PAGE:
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ENGINEERING DESIGN PROCESS

Engineering design is different from engineering analysis,


however engineering analysis is connected to engineering
design.

Engineering analysis (problem-solving) process have 3 main


stages: formulating, solving, and checking. Predicted behaviour
is the solution to an analysis problem.

Engineering design process may use different decision making


model to describe the engineering design process. Design
problems are ill-structured(defined) as well as open-ended.
EXAMPLE

Engineering analysis
Given the mass m of an object that has an applied force f acting on it,
determine the acceleration a.
Given the cross-section geometry of an aluminum airplane wing, we determine
the lift it produce by conducting wind tunnel experiment.
Given a cast steel engine block drawing, estimate its weight.
The solution is how the object behave (predicted behaviour)

Engineering design problems

Given that the customer desires to store 1500l of petrol, determine suitable a
storage tank. ( what is the shape and material and how its made)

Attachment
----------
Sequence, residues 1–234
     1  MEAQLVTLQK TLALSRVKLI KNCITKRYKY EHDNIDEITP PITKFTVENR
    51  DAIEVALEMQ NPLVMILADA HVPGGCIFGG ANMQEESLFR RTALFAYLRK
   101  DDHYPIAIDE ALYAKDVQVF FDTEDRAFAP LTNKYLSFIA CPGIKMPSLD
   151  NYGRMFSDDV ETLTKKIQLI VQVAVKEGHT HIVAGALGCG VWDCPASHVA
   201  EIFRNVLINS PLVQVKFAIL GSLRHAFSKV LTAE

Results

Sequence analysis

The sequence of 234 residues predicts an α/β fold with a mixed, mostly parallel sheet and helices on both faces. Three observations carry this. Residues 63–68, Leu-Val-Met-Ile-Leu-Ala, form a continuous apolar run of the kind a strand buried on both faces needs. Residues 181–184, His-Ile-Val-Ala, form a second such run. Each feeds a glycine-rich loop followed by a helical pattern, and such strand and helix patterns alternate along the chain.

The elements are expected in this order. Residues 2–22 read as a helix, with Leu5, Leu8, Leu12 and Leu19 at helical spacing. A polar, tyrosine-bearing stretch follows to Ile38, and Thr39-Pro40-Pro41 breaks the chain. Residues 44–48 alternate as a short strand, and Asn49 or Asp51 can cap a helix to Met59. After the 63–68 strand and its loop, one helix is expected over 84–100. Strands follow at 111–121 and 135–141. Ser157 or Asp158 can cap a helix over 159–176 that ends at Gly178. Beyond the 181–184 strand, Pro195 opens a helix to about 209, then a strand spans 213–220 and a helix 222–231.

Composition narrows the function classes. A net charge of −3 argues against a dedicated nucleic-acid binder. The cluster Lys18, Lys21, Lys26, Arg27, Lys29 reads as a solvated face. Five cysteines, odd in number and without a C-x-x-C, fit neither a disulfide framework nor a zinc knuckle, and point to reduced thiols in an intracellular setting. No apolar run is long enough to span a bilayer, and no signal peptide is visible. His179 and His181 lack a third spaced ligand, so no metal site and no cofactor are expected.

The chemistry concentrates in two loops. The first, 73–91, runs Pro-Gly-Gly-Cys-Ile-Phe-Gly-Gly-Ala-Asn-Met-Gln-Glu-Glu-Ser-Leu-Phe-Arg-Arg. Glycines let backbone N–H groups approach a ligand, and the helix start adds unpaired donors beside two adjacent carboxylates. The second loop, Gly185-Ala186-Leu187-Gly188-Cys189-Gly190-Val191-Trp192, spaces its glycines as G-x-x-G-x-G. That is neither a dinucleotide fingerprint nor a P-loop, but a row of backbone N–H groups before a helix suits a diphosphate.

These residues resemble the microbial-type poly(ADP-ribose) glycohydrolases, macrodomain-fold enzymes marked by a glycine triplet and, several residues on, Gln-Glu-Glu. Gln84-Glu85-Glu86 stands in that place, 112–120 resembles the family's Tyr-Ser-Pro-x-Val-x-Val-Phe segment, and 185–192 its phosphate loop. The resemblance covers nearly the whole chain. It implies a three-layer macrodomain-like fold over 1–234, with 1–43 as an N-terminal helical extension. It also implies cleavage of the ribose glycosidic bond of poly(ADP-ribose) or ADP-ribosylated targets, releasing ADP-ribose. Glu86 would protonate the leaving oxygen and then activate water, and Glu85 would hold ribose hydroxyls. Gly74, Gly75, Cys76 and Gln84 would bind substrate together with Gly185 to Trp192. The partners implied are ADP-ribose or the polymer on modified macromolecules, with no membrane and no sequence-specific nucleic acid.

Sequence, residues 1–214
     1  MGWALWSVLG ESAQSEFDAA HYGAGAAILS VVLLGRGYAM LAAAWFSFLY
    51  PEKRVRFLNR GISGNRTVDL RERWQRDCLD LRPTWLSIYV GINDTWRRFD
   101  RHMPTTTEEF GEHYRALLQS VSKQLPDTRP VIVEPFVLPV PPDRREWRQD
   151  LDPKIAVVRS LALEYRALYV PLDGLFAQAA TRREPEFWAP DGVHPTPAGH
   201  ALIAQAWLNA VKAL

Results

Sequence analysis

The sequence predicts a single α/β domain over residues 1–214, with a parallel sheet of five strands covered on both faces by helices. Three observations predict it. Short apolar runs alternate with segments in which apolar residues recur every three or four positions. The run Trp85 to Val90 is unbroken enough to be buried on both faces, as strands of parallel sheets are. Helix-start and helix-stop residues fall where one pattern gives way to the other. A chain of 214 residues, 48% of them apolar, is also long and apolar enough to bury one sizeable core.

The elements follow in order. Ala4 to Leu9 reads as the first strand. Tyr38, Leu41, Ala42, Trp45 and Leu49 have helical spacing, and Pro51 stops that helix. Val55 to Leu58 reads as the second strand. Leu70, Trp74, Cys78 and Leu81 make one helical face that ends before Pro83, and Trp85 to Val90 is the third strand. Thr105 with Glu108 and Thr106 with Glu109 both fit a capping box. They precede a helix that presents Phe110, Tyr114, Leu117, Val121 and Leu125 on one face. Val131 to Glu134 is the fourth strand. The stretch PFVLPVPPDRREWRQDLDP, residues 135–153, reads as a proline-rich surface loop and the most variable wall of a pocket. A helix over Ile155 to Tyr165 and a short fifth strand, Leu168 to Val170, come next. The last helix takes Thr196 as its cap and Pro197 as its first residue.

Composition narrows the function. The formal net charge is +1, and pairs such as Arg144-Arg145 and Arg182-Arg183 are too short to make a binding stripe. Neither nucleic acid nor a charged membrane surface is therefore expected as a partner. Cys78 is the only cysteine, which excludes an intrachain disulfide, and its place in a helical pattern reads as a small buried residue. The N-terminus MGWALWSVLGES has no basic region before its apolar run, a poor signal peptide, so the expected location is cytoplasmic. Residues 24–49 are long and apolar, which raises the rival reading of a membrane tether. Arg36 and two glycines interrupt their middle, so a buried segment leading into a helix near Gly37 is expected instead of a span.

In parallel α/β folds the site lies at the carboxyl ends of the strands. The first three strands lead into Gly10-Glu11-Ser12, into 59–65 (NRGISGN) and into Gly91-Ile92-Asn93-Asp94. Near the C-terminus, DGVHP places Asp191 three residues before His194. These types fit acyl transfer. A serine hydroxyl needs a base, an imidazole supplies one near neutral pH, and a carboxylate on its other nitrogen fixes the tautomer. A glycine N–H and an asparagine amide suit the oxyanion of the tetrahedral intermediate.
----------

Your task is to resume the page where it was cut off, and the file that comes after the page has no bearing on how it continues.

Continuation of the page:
Given that the customer desires to toast slices of bread, develop a product that
will perform this desired function. ( how many slices, how dark, what type of
bread)
The given information relate to the desire function and the solution is to find the
form.
PHASES IN THE LIFE OF A PRODUCT

establish function
Design
determine form

fabricate
Manufacture assemble
distribute
set up
Use operate
maintain
repair
take down
Retire
disassemble
recycle
dispose
To satisfy the consumer…
We must consider all the phases in the life of a product
Sequential vs. concurrent engineering

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Successful new product

Evidence from PDMA’s new benchmark


study, 76% of all new product launches fail
to meet their revenue targets.

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Factors that determine the success or failure
of a product

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Design effectiveness
Product cost High performance along
Product quality these dimensions should
lead to economic
Time to market
success

QUALITY

VALUE

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Design effectiveness - Cost
The cost of design is only a small part of